Every day there are parts of land that are being sold so builders can make buildings. Like new home construction, parking lots, malls, and even restaurants. But do people ever think of what we are taking away by building over certain parts of the land. What if certain species lived there and we took their habitat away. Or what about the swamps and the forest? A lot of things come with those places, and we use them for everyday life, plants and trees. Doesn’t it bother you that we can pay a certain amount of money to hire people to build these places and get the materials but in the end how come we aren’t paying to keep these species alive? Honestly we all can say that we never really thought of it that way or never thought they were harming anything. But it’s something that needs to be discussed. So would you pay more money to keep the species around, and to save certain plants that can be used in the future for more information? Or would you ignore it and not pay anything, knowing your killing species that may be rare, or plants that would be hard to grow anywhere else. Would you pay or not pay, to get the services you want?
We humans live off of what the ecosystems delivers to us. In which we could call a fundamental life support of services. We receive timber, fuel-wood, some animals and pharmaceutical products from a natural ecosystem. It’s sad to think if we keep harming and ruining our ecosystem that we won’t have the medicine that we have today. Because it comes from nature and that’s where we keep finding more ways being healthy and keeping us up to date on new medicines for certain sickness. In all the ecosystem supplies products for us humans so we can sustain a healthy living environment. The smallest activities us humans do can change a small portion of the ecosystem and the global economy. Just like one thing we see every day is recycling, it’s a huge impact on the earth and if we didn’t recycle then we would not survive very long.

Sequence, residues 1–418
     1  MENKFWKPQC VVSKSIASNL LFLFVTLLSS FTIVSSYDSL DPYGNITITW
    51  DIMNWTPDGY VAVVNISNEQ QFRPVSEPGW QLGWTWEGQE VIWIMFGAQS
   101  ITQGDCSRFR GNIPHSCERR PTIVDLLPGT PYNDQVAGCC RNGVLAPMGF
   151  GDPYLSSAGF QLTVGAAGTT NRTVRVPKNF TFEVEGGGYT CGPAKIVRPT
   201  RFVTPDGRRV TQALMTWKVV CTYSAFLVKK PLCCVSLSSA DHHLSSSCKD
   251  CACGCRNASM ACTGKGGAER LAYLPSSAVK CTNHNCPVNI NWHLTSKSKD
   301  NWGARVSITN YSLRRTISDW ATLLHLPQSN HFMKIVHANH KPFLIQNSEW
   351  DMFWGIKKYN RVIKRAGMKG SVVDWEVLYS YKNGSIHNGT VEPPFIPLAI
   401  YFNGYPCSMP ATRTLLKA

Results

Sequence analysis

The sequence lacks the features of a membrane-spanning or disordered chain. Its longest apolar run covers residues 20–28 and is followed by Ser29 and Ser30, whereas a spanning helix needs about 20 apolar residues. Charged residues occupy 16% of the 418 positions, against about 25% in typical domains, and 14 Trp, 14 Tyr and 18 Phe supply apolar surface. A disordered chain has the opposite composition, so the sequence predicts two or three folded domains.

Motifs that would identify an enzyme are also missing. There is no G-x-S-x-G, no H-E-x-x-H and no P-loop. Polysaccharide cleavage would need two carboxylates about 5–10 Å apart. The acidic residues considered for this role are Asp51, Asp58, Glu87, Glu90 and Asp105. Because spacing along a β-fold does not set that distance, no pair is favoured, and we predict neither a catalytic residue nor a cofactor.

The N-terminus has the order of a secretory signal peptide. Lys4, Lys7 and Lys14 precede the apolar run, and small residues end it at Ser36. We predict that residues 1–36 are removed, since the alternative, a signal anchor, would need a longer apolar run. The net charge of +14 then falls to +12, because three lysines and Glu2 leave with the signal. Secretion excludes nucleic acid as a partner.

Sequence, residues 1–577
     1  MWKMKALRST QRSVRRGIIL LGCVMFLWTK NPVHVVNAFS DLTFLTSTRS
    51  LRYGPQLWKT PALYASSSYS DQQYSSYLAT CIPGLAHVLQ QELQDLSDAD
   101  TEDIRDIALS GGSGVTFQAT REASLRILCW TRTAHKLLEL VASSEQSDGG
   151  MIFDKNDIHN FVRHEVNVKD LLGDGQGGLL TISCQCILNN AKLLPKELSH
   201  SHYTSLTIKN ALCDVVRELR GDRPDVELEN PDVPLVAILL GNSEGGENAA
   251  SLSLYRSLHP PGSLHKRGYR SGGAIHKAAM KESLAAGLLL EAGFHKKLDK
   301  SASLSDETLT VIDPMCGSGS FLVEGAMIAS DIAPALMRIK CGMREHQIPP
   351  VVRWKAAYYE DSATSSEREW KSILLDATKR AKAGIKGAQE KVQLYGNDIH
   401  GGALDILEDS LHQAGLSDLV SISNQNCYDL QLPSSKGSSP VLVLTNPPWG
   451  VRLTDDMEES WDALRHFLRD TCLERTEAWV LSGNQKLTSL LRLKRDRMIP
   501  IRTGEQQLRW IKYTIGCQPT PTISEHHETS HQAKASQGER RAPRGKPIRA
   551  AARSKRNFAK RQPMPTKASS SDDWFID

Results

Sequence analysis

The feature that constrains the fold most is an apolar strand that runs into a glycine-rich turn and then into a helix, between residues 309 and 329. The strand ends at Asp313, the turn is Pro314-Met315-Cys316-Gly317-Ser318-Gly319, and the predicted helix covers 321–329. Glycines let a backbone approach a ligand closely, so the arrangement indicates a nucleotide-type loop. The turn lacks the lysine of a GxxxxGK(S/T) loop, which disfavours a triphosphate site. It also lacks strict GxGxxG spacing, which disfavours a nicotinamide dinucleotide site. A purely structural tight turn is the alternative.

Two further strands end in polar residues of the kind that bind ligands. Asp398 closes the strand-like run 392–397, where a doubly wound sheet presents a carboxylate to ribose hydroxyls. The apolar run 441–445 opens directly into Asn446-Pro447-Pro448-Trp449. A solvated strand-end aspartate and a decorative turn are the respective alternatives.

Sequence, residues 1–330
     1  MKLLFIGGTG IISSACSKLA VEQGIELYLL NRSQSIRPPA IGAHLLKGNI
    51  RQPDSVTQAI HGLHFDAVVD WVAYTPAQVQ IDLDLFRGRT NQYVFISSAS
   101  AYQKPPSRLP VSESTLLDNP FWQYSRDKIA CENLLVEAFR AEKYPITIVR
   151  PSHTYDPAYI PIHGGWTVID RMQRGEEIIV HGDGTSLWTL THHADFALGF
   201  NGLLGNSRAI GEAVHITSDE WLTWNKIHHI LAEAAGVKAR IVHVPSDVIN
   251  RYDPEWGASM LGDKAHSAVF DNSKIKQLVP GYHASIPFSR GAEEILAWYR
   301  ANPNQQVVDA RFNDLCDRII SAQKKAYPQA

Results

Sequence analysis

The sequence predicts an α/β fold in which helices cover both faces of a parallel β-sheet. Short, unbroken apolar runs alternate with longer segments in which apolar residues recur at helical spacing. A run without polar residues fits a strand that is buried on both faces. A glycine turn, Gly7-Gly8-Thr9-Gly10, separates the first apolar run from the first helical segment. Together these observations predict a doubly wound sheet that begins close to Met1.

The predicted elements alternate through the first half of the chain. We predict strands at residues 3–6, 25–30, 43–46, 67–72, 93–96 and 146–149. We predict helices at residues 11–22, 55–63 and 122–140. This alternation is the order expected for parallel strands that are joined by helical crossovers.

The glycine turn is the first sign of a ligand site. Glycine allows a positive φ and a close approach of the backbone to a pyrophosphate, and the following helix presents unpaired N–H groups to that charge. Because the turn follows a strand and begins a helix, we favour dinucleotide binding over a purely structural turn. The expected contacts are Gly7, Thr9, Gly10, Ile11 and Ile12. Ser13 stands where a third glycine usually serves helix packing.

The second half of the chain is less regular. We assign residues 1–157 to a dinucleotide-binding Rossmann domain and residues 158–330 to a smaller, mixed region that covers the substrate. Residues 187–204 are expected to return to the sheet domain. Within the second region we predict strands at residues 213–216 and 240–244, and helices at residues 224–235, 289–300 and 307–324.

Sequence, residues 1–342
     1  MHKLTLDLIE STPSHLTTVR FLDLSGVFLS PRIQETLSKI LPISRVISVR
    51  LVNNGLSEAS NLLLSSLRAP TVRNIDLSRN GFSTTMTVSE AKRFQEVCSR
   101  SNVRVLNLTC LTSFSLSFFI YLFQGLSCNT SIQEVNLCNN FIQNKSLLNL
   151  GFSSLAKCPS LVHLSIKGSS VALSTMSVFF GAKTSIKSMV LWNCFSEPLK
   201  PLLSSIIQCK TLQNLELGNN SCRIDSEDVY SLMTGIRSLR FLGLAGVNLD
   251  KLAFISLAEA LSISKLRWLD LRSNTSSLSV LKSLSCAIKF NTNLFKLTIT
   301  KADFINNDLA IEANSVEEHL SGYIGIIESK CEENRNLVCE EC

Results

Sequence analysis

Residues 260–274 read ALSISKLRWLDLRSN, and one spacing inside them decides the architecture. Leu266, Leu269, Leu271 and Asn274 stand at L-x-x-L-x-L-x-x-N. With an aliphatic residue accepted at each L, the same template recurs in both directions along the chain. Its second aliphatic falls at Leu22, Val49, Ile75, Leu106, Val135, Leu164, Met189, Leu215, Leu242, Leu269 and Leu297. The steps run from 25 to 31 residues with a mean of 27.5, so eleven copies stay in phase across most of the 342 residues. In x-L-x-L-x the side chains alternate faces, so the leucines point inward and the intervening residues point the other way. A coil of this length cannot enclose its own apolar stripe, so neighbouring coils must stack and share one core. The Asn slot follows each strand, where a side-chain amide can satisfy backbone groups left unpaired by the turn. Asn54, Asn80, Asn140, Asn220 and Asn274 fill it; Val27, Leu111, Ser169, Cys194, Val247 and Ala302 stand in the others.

Let’s start out saying yes, and what happens if we would say yes and put a price on our ecosystem. We have to think of the value of everything the ecosystems brings to us. Just because some scientists don’t have the data, it can be found. Ecological science has a lot to offer , so the ecosystems is providing with a lot more than you think, so some scientist believe it’s only natural to put this price on the goods and services it gives us humans, since we use it like no one cares. Some scientist have it already calculated to how much it could cost for certain parts of the ecosystem, they collect all the data and I guess experiment what would happen if we didn’t have that anymore. Or if it disappears.
There are many good reasons we should at least attempt to place some kind of value on our ecosystem, and the functions that come with it. Loss of habitats and species and the depletion of natural resources are very widespread, so that should be a concern. Even though it doesn’t explain conservation very well, it’s still good reason we should at least try. Conservation appears not to pay when compared with the economic returns that society gets from converting natural assets into commercial ones. One problem is we don’t push that fact to address the causes of environmental degradation, and if more people understood then maybe we could get further with this. As a result of not caring, hotels and mass tourism replace pristine coastlines; tropical forests are burned to create new pasture and croplands; roads are run through landscapes of high ecological value, and so on. In each instance, people believe they would be better off by giving up a natural asset. But that belief is an illusion that stems from the fact that the services provided by ecological systems are not usually traded in markets and really have no readily perceived value. Because we do not buy and sell clean air, tranquility,...